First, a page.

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Development as Freedom af Amartya Sen
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Development as Freedom (original 1999; udgave 2000)

af Amartya Sen

MedlemmerAnmeldelserPopularitetGennemsnitlig vurderingOmtaler
1,3801210,337 (3.95)14
'an enjoyable, unusual and important contribution' -John Mulqueen, Irish Times 02/02/01'The connecting theme behind these essays is that development is about expanding people's ability to do things that they have a reason to value. The rationale for this is discussed with great force, clarity and consistency.' - S.V. Subramanian, Progress in Development Studies 1(1), Jan 01.'the ideas are presented in a very accessible, nontechnical language. The writing is lucid with interesting story-telling openings... a topical and timely appeal to an audience that cuts across disciplines.' - S.V. Subramanian, Progress in Development Studies 1(1), Jan 01.'a brilliant book. Sen ranges over a vast intellectual landscape... Many authors try this kind of tour d'horizon but few succeed as well as Amartya Sen. He is a multi-faceted scholar who has thought deeply and rigourously and has published extensively. Although Development as Freedom covers imense territory, it is subtle and nuanced and its careful scholarship is manifest at every turn.' - Lars Osberg, Reviews, Compte Rendus, Autumn 2000.'Sen has looked for ways to empower the poor... Development as Freedom is a testament to Sen's unwavering commitment to the task... this is economics that should be read: not merely for the elegance of its arguments or the wisdom of its judgements, but for the deep and burnished humanity that animates it.' -David Goldblatt, The Independent' Development as Freedom is a personal manifesto: a summing up; a blend of vision, close argument, reflection and reminiscence.' -The Economist' The world's poor and dispossessed could have no more articulate or insightful a champion among economists than Amartya Sen. By showing that the quality of our lives should be measured not by our wealth but by our freedom, his writings have revolutionized the theory and practice of development. The United Nations, in its own development work, has benefited immensely from the wisdom and good sense of Professor Sen's views. ' -Kofi A. Annan, Secretary General of the United Nations' In this book, Amartya Sen develops elegantly, compactly, and yet broadly the concept that economic development is in its nature an increase in freedom. By historical examples, empirical evidence, and forceful and rigourous analysis, he shows how development, broadly and properly conceived, cannot be antagonistic to liberty but consists precisely in its increase. ' -Kenneth J. Arrow, Nobel Laureate in Economic Science' Amartya Sen has made several key contributions to research on fundamental problems in welfare economics. By combining tools from economics and philosophy, he has restored an ethical dimension to the discussion of vital economic problems. ' -From the Royal Swedish Academy Announcement of the Award of the 1998 Nobel Prize in Economic Science.Amartya Sen is the most respected and well-known economist of his time. This book is a synthesis of his thought, viewing economic development as a means to extending freedoms rather than an end in itself. By widening his outlook to include poverty, tyranny, lack of opportunity, individual rights, and political structures, Professor Sen gives a stimulating and enlightening overview of the development process. His compassionate yet rigourous analysis will appeal to all those interested in the fate of the developing world, from general reader to specialist.… (mere)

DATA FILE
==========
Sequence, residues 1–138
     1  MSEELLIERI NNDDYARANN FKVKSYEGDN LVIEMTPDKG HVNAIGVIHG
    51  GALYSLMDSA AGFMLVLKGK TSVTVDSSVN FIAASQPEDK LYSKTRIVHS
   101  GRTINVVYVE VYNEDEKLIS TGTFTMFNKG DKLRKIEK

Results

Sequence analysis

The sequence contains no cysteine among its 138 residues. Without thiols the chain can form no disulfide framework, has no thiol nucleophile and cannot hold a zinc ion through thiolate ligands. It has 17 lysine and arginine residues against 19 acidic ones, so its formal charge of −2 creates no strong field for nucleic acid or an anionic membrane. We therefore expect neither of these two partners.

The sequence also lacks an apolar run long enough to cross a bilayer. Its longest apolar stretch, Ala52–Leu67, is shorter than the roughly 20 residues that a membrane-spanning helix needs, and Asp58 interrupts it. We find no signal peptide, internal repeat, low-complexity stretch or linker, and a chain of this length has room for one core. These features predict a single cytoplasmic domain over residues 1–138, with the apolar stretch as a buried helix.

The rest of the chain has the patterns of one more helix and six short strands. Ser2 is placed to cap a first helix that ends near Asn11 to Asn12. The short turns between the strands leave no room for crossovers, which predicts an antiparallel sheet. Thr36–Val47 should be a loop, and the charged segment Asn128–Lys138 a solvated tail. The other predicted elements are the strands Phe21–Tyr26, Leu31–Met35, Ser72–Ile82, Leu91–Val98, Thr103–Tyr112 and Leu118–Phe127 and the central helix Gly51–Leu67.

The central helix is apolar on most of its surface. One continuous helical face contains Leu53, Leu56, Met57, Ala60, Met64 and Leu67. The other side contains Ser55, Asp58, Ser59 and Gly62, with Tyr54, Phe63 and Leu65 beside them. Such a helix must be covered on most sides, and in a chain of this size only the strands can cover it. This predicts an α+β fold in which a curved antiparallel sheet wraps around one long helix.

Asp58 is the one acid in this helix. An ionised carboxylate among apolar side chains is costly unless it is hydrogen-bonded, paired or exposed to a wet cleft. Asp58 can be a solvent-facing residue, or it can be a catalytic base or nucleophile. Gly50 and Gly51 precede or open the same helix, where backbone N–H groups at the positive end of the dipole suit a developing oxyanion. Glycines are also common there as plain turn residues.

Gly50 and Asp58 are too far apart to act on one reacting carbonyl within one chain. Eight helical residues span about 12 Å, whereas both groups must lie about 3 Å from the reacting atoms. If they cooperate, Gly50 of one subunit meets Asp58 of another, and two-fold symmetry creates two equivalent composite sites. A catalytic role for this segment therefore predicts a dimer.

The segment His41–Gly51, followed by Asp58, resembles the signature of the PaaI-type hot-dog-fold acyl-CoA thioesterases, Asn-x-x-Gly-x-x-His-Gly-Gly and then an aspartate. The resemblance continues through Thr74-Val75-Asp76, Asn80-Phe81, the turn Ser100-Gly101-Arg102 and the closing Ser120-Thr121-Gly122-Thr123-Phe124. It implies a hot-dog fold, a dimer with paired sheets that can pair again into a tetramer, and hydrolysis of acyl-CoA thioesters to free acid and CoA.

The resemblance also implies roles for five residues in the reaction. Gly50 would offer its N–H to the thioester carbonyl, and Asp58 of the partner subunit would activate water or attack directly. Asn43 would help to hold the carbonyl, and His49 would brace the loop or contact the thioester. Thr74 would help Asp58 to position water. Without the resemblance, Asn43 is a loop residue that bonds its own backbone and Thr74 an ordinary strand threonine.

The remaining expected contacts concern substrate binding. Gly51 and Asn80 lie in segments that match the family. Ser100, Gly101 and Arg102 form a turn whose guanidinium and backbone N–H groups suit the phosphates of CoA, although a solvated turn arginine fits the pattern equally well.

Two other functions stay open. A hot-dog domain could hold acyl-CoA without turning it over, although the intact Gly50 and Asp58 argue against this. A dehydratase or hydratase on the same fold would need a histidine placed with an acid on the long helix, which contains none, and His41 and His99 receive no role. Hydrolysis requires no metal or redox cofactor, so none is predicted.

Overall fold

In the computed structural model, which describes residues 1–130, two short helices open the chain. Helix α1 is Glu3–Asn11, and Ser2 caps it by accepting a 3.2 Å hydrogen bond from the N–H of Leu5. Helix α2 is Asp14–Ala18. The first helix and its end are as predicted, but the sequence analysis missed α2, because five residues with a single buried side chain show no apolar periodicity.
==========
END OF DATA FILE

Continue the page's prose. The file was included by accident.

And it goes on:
Medlem:danielmillernl
Titel:Development as Freedom
Forfattere:Amartya Sen
Info:Anchor (2000), Edition: Reprint, Paperback, 384 pages
Samlinger:Books to share with St. John's
Vurdering:
Nøgleord:NL People to People Library

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Development as Freedom af Amartya Sen (1999)

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Amartya Sen contesta preguntas referentes a la relación entre riqueza y capacidad de vivir, prosperidad y libertad. ( )
  hernanvillamil | Sep 10, 2020 |
The book is written in 1999, so some data and examples are outdated. The impact of the book is slightly dampened by the fact that his ideas have become less controversial than they were in 1999, and are more or less incorporated in the mainstream now.

I'm not convinced by some of his points that trend a little into political theory (he paints broad strokes over libertarianism, utilitarianism and Rawlsism), in particular I find his delinking of rights with corresponding duties more of a semantical exercise than substantive. Again, this book isn't meant to be political philosophy, so those criticisms might be nitpicky, I know he tackles alot of these issues in a fuller sense in his "Idea of Justice". I find his capabilities approach, (can also be thought of as positive rights approach) idealistic, something to aspire to, even if in some senses it's more vague to pursue.